As an elementary principal, I see literacy as the key to everything we do at school, which was in line with what he had to share. In today’s post, I want to share with you some of what I learned from Todd, as well as some next steps that I want to lead in our building.

First and foremost, Todd made it quite clear that he sets the expectation that he will celebrate reading in all that he does. Let’s take a moment to reflect on how much we use reading and writing in our daily lives – from the start of my day check-in with my to-do list to some bedtime reading, text is something that I see constantly, and it’s going to be something that our students will use throughout their lives as well. Even more reason to put literacy front and center in our schools! One of the ways that he celebrated literacy during the day was that he took small moments out of each of his presentations to do a quick book talk. He’d share a title, a bit about the author, and a bit about the story. I walked out of the day with several new items in my Amazon cart!

Next, he talked about ways that he would celebrate reading as a leader. The bullet points below are just a few of the ideas he had. I encourage you to think about how/what you might implement in your setting to celebrate reading.

  • What we’re reading – When Todd was an administrator, he created a graphic in Canva that he then printed out for every staff member. At the top it said “What is Mr. Behrman reading?” then there was some space, and then at the bottom, it said, “What are you reading?” The document was laminated. If you wanted to, you could print out a picture of the book cover, or you could just use a dry-erase marker to write the title of the book. This was for all staff members, not just teachers. He included secretaries, custodians, cafeteria staff, and more! This is something I hope to get rolling at my school soon!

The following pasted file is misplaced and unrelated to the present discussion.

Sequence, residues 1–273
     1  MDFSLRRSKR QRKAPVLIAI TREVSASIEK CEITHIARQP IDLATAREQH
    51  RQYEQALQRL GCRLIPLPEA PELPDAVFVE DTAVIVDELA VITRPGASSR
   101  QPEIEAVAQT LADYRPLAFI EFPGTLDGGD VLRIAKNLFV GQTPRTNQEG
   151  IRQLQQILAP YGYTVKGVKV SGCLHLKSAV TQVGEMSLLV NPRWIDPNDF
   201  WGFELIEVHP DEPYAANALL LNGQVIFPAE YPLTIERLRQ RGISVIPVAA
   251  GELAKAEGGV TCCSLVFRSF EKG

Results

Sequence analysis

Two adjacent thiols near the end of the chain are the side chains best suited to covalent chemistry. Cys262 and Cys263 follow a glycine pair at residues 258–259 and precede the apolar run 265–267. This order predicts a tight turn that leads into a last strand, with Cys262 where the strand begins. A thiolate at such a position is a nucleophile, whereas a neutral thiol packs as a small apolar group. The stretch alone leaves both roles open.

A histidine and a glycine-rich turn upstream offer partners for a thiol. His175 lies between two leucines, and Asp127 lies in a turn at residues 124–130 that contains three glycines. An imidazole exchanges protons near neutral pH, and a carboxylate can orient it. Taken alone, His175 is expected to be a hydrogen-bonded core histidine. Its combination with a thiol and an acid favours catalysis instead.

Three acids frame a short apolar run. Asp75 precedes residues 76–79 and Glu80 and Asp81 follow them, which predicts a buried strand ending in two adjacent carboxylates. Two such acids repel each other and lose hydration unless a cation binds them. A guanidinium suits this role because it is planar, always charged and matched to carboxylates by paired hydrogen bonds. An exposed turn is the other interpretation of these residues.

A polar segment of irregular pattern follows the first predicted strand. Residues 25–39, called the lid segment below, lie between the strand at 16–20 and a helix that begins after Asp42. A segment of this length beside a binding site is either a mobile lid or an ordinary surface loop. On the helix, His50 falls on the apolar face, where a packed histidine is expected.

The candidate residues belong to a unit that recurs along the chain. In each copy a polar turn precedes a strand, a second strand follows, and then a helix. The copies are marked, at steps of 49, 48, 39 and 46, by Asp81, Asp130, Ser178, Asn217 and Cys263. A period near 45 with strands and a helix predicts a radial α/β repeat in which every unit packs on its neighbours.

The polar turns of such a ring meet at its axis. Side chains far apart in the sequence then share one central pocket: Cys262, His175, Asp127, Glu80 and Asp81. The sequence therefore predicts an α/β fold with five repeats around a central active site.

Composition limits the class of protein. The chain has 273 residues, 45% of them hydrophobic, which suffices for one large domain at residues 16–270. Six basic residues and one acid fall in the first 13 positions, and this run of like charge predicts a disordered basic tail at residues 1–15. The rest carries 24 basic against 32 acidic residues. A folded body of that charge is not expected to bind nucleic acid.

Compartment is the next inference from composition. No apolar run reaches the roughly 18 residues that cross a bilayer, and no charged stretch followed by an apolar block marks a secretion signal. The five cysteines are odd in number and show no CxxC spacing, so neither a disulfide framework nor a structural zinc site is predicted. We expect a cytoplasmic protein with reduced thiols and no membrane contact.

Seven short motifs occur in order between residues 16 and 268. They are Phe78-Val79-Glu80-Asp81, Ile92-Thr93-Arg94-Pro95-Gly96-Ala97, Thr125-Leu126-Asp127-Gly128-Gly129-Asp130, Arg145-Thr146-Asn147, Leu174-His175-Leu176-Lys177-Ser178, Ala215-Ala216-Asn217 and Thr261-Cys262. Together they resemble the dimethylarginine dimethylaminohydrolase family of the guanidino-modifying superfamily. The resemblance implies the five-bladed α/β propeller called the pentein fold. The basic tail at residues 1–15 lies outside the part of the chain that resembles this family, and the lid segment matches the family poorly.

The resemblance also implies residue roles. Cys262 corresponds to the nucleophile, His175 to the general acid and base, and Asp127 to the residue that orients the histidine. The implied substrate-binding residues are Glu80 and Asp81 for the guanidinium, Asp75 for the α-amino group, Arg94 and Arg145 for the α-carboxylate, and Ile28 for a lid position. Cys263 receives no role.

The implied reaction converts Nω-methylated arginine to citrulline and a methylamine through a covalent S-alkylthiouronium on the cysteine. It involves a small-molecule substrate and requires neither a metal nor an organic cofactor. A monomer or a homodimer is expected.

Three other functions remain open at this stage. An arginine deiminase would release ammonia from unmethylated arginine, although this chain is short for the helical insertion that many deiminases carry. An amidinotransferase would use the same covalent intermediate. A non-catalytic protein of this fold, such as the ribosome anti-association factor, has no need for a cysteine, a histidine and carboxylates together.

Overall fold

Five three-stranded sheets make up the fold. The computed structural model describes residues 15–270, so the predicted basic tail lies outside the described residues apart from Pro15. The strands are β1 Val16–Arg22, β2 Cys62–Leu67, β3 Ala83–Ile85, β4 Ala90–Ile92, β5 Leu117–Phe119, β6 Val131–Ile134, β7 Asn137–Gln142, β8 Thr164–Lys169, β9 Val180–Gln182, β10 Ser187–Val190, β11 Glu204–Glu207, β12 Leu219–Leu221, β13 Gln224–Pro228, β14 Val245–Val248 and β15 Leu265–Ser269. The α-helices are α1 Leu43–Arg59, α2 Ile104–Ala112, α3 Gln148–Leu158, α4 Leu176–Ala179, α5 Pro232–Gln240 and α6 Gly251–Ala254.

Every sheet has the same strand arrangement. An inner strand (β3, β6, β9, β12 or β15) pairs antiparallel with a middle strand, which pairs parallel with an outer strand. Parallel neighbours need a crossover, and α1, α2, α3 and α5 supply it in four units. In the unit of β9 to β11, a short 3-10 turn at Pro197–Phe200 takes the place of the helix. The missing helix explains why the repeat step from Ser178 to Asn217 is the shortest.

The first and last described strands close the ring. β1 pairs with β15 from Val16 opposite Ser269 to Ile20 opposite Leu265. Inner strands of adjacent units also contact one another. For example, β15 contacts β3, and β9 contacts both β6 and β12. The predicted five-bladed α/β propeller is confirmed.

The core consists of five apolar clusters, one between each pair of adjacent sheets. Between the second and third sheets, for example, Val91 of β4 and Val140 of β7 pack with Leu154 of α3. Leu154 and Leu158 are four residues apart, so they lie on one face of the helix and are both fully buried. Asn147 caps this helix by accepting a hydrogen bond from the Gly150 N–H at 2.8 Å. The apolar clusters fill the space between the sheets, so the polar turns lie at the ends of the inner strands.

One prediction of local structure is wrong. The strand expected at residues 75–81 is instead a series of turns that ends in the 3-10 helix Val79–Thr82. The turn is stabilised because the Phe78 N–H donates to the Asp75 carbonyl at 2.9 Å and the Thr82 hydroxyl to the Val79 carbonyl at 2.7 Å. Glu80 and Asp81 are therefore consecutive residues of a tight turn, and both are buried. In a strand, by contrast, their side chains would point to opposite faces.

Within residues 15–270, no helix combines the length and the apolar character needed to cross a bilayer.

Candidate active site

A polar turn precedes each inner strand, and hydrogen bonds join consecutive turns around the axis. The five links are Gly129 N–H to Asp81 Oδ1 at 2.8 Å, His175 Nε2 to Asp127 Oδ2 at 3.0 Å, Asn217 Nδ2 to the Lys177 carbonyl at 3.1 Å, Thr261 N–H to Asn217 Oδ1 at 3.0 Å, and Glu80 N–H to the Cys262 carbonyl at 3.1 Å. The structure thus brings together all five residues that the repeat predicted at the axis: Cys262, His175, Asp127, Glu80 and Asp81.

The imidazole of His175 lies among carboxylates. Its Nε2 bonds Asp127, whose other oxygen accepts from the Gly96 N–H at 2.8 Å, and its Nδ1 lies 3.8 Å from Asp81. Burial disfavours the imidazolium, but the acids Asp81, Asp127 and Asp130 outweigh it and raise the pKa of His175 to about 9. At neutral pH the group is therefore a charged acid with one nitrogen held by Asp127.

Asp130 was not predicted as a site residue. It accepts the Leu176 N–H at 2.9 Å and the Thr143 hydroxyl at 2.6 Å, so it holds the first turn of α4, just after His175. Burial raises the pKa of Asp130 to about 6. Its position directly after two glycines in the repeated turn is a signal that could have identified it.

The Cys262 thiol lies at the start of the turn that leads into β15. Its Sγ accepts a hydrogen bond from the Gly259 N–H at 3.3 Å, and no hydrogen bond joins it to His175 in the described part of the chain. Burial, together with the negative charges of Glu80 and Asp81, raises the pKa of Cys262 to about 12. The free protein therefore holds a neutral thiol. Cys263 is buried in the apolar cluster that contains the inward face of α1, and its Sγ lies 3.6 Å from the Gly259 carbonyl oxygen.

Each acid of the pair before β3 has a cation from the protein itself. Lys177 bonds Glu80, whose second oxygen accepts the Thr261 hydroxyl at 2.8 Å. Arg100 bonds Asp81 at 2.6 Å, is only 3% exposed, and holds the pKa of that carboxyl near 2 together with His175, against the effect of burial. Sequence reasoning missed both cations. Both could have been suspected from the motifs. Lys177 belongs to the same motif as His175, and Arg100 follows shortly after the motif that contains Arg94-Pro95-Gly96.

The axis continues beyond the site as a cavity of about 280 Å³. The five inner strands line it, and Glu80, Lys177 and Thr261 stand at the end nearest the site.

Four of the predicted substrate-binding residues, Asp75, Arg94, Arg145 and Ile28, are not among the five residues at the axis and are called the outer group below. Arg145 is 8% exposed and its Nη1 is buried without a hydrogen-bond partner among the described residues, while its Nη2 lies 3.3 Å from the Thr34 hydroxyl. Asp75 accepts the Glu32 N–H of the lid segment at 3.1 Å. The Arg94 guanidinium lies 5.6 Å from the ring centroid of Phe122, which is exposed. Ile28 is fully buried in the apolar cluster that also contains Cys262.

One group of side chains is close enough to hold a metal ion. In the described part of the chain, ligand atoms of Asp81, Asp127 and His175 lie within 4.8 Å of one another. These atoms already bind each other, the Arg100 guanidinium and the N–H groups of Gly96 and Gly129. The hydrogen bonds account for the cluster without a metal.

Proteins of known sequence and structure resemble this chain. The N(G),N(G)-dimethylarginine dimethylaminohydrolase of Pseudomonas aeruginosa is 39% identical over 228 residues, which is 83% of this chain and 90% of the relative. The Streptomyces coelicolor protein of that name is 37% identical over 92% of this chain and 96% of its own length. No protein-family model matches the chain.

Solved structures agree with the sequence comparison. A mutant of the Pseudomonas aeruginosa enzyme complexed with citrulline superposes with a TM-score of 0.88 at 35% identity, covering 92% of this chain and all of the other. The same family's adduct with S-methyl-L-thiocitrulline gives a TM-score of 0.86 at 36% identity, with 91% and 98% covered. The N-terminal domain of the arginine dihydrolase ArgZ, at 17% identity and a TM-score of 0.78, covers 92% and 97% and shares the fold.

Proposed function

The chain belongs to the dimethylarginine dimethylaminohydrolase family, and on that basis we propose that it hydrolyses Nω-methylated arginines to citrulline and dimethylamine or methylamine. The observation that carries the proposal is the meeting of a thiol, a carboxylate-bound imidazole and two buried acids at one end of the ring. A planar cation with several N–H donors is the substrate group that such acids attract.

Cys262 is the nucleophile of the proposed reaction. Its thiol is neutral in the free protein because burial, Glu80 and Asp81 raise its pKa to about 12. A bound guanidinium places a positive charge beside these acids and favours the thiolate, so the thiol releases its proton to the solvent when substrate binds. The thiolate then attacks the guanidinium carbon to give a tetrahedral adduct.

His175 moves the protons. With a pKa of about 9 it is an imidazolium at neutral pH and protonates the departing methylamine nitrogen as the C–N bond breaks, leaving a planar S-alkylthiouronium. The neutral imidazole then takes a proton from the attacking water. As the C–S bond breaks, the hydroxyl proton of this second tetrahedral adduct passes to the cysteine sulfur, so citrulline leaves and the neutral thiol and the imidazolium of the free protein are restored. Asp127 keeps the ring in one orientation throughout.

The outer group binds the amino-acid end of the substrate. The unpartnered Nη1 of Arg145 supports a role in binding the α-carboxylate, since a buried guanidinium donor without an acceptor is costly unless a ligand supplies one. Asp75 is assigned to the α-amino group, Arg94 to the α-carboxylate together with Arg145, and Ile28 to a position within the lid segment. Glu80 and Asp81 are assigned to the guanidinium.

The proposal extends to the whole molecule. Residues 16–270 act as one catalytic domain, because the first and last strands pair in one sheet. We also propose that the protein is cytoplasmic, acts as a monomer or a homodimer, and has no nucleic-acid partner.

• Book Talks – Todd started adding short book talks to the morning announcements. In time, he asked teachers to share their own little book talks for the announcements. Eventually, they got to the point that students were creating book talks on the things they were reading. What better way to celebrate the reading that was happening than allowing students to share the books they loved!
  • Reading Photo Wall – Each time a student finished a book, they could bring their book down to Todd’s office. He’d take their picture, print it out, and then hang it on the reading wall in the cafeteria. It made reading visible to all students. What if you did this within your own classroom? Or on the wall right outside of your classroom?
  • Guest Readers – Anytime someone visited Todd’s school, they were asked to bring a book along. Before they did anything else, Todd would take them to a classroom and have them read their book. If someone forgot, they’d go to the library to pick out a book! A variation of this is the mystery reader. As a teacher, you can ask parents to sign up for a day to come and read. Have them share a few clues about who they are so the class can try to guess. Then, on the day of the reading, the class can find out of their guesses were correct or not.
  • Email signature – Those of you who are reading this blog and who receive emails from me may have noticed I already implemented this. At the bottom of my email signature, I added a place that says “What I’m currently reading:” Then I went online, copied an image of the cover of the book, and pasted it into my signature. If you notice that the same book is in my email signature for more than a few weeks, let me know you noticed! That means I’m not reading enough!

There were a ton of other ideas shared during this hour-long session, and while I’d love to share more of them, I think this is a great place to stop for now. One thing I would leave you with was what Todd shared about high-interest books:

One of the most difficult conversations for me to have with a student is when we are in the library, and I offer to help a student find a book, and when I ask them what they want to read they say something like “I need a level L book.” Where is the celebration for reading that comes from that? As a fifth grader, I read Garfield books like crazy, but wouldn’t challenge myself. My 6th-grade teacher allowed us to pick what we wanted, and I read a ton of Stephen King books. Something about the suspense kept me engaged, and I read more that year than I ever had before. Because my teacher allowed me to pick a book I loved, I became a reader who always had at least one book to read at any given time (currently I’m reading 4 different books, and will pick up a different title depending on my mood).

What are your thoughts? Do you have ways to celebrate reading that are not included here? Let us know in the comments below. We can all learn from one another!

Motivation vs. Discipline